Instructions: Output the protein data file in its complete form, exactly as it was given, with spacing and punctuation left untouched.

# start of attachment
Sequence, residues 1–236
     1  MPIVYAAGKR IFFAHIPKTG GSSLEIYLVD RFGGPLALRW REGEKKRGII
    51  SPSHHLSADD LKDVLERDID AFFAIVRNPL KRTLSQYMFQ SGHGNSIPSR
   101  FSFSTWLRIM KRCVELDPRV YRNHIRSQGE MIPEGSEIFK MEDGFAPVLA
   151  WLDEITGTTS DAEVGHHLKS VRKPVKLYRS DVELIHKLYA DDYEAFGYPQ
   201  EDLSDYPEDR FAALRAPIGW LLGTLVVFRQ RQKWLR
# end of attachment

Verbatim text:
Sequence, residues 1–236
     1  MPIVYAAGKR IFFAHIPKTG GSSLEIYLVD RFGGPLALRW REGEKKRGII
    51  SPSHHLSADD LKDVLERDID AFFAIVRNPL KRTLSQYMFQ SGHGNSIPSR
   101  FSFSTWLRIM KRCVELDPRV YRNHIRSQGE MIPEGSEIFK MEDGFAPVLA
   151  WLDEITGTTS DAEVGHHLKS VRKPVKLYRS DVELIHKLYA DDYEAFGYPQ
   201  EDLSDYPEDR FAALRAPIGW LLGTLVVFRQ RQKWLR